Oral cancer risk in men goes up significantly as a result of alcohol consumption, according to a new study.
The American Journal of Public Health study indicated that there are about 20,000 cancer deaths each year in the United States that stem from cancer. Men are at the largest increased risk for oral cancer while breast cancer risk in women goes up based on alcohol consumption.
There were roughly 6,000 deaths in men that resulted from some type of cancer in the esophagus, mouth or throat. About the same number of deaths in women was caused by breast cancer.
People who could be considered light drinkers—1.5 drinks or fewer daily—even comprised 30 percent of the alcohol-related cancer deaths, based on research from the Boston University School of Medicine and the School of Public Health.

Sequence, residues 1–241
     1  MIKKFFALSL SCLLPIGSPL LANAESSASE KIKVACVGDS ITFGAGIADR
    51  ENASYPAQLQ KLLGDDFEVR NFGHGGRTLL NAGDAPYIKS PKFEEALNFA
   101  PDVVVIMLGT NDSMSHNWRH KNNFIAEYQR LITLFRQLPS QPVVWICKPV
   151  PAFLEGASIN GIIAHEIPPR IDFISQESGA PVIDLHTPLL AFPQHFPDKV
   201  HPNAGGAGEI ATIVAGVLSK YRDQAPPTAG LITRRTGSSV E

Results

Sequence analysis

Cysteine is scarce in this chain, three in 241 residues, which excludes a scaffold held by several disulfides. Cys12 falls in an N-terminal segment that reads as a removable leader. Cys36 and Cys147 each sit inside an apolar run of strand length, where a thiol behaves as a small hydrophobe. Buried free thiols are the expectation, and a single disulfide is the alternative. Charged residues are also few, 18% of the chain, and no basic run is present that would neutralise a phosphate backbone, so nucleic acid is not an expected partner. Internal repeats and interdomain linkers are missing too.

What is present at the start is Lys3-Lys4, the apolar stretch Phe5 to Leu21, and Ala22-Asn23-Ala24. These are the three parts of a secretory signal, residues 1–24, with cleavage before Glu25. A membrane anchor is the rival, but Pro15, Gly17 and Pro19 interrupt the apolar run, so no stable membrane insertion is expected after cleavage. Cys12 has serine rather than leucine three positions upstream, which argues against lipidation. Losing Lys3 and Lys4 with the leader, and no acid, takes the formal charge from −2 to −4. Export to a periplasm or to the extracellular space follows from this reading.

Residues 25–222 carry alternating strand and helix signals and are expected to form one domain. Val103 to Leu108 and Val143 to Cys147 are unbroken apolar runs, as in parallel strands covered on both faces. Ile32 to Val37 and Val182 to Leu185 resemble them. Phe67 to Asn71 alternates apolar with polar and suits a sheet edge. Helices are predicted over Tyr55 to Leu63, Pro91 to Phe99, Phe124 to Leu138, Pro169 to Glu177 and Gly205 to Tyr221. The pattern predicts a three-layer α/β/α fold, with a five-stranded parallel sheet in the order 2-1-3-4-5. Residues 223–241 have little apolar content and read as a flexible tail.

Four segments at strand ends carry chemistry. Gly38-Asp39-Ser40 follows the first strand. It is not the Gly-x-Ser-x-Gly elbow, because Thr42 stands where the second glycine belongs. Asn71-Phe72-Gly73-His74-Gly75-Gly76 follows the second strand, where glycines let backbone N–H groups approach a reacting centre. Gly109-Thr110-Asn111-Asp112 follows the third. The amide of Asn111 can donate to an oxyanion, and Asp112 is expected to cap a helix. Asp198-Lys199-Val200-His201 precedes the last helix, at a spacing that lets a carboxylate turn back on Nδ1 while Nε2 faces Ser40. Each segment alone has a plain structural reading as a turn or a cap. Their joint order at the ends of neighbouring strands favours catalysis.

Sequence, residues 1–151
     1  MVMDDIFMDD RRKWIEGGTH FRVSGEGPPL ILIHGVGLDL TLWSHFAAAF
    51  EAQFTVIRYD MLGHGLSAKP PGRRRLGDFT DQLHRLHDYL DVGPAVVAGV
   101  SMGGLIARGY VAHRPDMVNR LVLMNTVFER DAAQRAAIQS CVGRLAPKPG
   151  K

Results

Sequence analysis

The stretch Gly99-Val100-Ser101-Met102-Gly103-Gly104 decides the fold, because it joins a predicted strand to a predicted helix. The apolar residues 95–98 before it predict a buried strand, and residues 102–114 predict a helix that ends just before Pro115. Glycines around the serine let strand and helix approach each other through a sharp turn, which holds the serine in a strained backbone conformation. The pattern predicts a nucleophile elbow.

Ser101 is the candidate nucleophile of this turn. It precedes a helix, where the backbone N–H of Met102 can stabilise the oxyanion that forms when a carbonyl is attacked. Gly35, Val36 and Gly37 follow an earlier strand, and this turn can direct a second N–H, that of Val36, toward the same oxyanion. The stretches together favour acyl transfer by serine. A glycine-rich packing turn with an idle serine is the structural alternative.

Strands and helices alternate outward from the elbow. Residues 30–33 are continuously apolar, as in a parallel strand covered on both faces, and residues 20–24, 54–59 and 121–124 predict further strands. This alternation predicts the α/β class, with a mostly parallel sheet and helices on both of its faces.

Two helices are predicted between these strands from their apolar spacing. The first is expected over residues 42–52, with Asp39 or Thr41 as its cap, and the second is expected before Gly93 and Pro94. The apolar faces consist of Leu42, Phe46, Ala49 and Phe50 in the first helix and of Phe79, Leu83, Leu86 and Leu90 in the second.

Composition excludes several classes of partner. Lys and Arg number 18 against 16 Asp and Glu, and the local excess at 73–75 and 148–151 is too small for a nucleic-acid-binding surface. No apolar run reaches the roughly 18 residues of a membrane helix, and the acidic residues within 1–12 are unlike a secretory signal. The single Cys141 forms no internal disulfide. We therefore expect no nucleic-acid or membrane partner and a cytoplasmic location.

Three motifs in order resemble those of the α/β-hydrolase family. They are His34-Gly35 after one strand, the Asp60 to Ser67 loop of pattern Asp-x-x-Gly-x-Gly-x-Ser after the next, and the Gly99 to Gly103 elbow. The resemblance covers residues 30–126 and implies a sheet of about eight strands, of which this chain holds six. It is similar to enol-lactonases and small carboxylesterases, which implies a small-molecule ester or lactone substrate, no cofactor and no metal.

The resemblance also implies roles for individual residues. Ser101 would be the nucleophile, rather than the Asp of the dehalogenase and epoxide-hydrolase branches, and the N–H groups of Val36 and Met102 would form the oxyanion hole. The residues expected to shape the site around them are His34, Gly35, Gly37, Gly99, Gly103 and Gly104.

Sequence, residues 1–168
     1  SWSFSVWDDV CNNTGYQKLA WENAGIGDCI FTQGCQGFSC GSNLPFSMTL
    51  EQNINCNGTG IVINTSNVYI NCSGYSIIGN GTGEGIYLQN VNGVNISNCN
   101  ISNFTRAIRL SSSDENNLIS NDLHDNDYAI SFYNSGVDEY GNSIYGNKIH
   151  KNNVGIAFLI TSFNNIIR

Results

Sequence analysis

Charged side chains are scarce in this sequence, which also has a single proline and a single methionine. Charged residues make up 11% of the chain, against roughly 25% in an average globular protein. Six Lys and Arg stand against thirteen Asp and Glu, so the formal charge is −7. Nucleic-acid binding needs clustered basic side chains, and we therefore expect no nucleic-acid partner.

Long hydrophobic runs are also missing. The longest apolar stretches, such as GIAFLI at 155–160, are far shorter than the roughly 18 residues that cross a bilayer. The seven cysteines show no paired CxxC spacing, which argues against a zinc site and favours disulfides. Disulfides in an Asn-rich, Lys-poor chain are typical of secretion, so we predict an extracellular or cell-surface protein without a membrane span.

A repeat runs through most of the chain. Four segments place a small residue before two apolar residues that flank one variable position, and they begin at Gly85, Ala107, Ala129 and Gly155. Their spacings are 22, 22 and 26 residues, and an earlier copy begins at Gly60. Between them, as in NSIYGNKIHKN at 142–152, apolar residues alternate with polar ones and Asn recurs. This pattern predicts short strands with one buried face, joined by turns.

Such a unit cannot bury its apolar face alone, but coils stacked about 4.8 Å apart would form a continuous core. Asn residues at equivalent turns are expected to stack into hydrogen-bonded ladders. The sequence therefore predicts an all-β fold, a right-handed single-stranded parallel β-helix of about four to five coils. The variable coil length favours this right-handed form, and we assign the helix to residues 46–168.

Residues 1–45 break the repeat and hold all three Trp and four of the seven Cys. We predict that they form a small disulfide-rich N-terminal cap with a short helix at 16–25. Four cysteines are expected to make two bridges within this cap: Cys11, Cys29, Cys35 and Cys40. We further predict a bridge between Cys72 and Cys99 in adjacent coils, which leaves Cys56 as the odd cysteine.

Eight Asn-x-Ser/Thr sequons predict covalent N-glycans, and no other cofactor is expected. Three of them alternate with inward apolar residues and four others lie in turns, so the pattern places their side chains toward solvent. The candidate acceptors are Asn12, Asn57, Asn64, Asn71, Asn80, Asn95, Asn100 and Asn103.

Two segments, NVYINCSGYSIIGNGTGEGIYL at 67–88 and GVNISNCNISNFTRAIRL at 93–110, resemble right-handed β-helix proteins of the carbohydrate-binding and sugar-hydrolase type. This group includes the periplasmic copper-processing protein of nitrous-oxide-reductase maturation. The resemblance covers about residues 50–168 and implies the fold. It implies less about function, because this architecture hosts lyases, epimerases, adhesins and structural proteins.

Many previous studies have shown that men increase their risk of developing cancer in the esophagus, larynx, liver, oral cavity and pharynx by consuming alcohol.
The study concludes that about 3.5 percent of all cancer deaths stem from alcohol in some way. The study also makes it clear that more needs to be done to reduce alcohol consumption.
Some researchers suggest that since alcohol is an accepted human carcinogen, there is not a level of consumption that could be considered safe and that people should eschew alcohol entirely.